* DIY can be seen as a side-hustle to make more money. Now there’s zero excuse for folks who are unwilling to moonlight, start a side business, or create a product to generate passive income. You can simply increase the amount of DIY projects, like cleaning, to earn more money by saving money.

* In any business transaction, question everything. Be thorough. Stand your ground, while listening to the other side’s point of view. Folks who let their emotions get the best of them in business usually lose. Get things in writing, make things clear, explain your situation, and go from there.

* If you love money, you will probably be better at accumulating more money. You’ll do a lot more research on how wealthy people got rich, what to invest in the stock market, how to get a raise, and all sorts of money attracting stuff. You might even subscribe to a personal finance blog.

The love of money is something I’d like to discuss in this post because I finally read a comment from a reader who admits that he loves money!

The Unfair Competitive Advantage Of The Wealthy: Being Genetically Frugal

Getting my hands dirty painting and cleaning my own house

After a good morning of painting

Do frugal people have an unfair competitive advantage when it comes to accumulating a prodigious amount of wealth because they were just born that way? I’m beginning to wonder based on two things that happened recently.

1) Homejoy, a three year old housecleaning startup, decided to close its doors after raising about $40 million in funding. They ultimately failed to get sold or raise more money due to poor financials and lawsuits from contractors who wanted to be employees. It’s always a sad day when a company closes because I admire entrepreneurs very much. The founders had the courage to try, which is more than can be said for many others.

I never would have used Homejoy because I always clean my own house. Doesn’t everybody? Apparently not. Or apparently most people do, otherwise Homejoy wouldn’t have gone under. I find cleaning to be both cathartic and rewarding.

2) I got in sort of an e-mail tiff with my new master tenant’s roommate because she demanded an extra set of keys. It wasn’t a nice ask, but an entitled demand as if she owned the place. She first said she needed the keys for convenience purposes when other people stayed over. Then she said she needed a key for her housekeeper. These keys aren’t easily copyable. For security purposes, they have to be sent into a factory to be specially made. Each key has a specific embedded serial #.

My initial response was to ask her to just let the housekeeper in when she’s around or clean more herself if she’s got to wait an extra day or two. She wasn’t too happy with my suggestions! She said she works a lot and it’s none of my business how much she cleans (or doesn’t). Fair enough, even though it’s 100% my business for protecting my property from liability. I did end up spending a couple hours getting her that extra key, and am waiting for her to sign the addendum to take responsibility if the key gets lost or if the cleaner gets in a deadly fight with another condo owner.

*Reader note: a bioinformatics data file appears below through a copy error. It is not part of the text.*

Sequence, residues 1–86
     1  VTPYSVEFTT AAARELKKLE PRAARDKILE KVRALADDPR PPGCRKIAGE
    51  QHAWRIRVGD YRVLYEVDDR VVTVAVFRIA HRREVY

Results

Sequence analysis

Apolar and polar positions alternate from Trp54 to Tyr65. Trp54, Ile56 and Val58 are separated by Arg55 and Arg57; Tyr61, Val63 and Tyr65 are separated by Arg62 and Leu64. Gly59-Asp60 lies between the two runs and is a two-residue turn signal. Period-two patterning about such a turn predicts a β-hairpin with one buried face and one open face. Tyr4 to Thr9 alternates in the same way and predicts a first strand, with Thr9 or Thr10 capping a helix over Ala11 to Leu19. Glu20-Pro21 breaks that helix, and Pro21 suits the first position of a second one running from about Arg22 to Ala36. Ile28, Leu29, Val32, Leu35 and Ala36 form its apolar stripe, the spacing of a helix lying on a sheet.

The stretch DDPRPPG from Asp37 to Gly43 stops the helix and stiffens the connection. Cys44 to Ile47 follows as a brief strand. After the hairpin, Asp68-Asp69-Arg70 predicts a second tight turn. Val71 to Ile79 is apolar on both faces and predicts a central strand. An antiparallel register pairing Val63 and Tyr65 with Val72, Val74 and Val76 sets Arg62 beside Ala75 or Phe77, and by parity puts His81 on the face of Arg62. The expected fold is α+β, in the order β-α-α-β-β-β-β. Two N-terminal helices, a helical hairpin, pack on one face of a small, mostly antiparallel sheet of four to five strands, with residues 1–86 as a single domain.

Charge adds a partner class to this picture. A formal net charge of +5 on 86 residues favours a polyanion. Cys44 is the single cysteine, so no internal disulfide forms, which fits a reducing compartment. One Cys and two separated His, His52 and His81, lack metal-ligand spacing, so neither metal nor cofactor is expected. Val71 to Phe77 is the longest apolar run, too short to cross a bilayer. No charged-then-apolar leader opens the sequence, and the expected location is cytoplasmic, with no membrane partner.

Investment Philosophies From Jack Bogle, Founder Of The Vanguard Group

Vanguard Group LogoJack Bogle is one of America’s iconic investors and I’m a fan. He is well known for founding and growing the second largest mutual fund company in the world, The Vanguard Group with over $3 trillion in assets under management.

You may be surprised to know that Bogle was actually fired from his first employer due to approving an “extremely unwise” merger that went south. Looking back, Bogle cites it as his biggest mistake. But sometimes mistakes lead to great opportunities:

When I was 38, I became head of Wellington Management, and I did an extremely unwise merger. I got wrapped up in the excitement of the go-go era, and the go-go era ended. As a result of that stupid decision, I got fired. The great thing about that mistake, which was shameful and inexcusable and a reflection of immaturity and confidence beyond what the facts justified, was that I learned a lot. And if I had not been fired then, there would not have been a Vanguard.” – Jack Bogle

Shoot To Retire By A Certain Age, Not By A Certain Financial Figure

Ta prohm, Cambodia where the old trees take over the temples

Ta Prohm, Cambodia – Bucket list check 2015

Live until 60 and then say good-bye. This has been my mindset ever since I moved to San Francisco in 2001. I know expecting to die by 60 sounds a little depressing, but it’s a rational framework to help prepare for your financial future.

By expecting to die 20 years before the median American male life expectancy, I’ve forced myself to accumulate wealth faster in order to enjoy life sooner. Some of you might be thinking, “why not make money and enjoy life fully at the same time?” I agree, it can be done.

But I’m talking about doing the extremes, like going to business school for three years while working 60 hours a week, instead of taking a two year vacation from work. Or saving 50-75% of your after tax income every year. Or starting a side hustle that takes an extra 20 hours a week that might one day grow large enough to tell your micromanagers to screw off!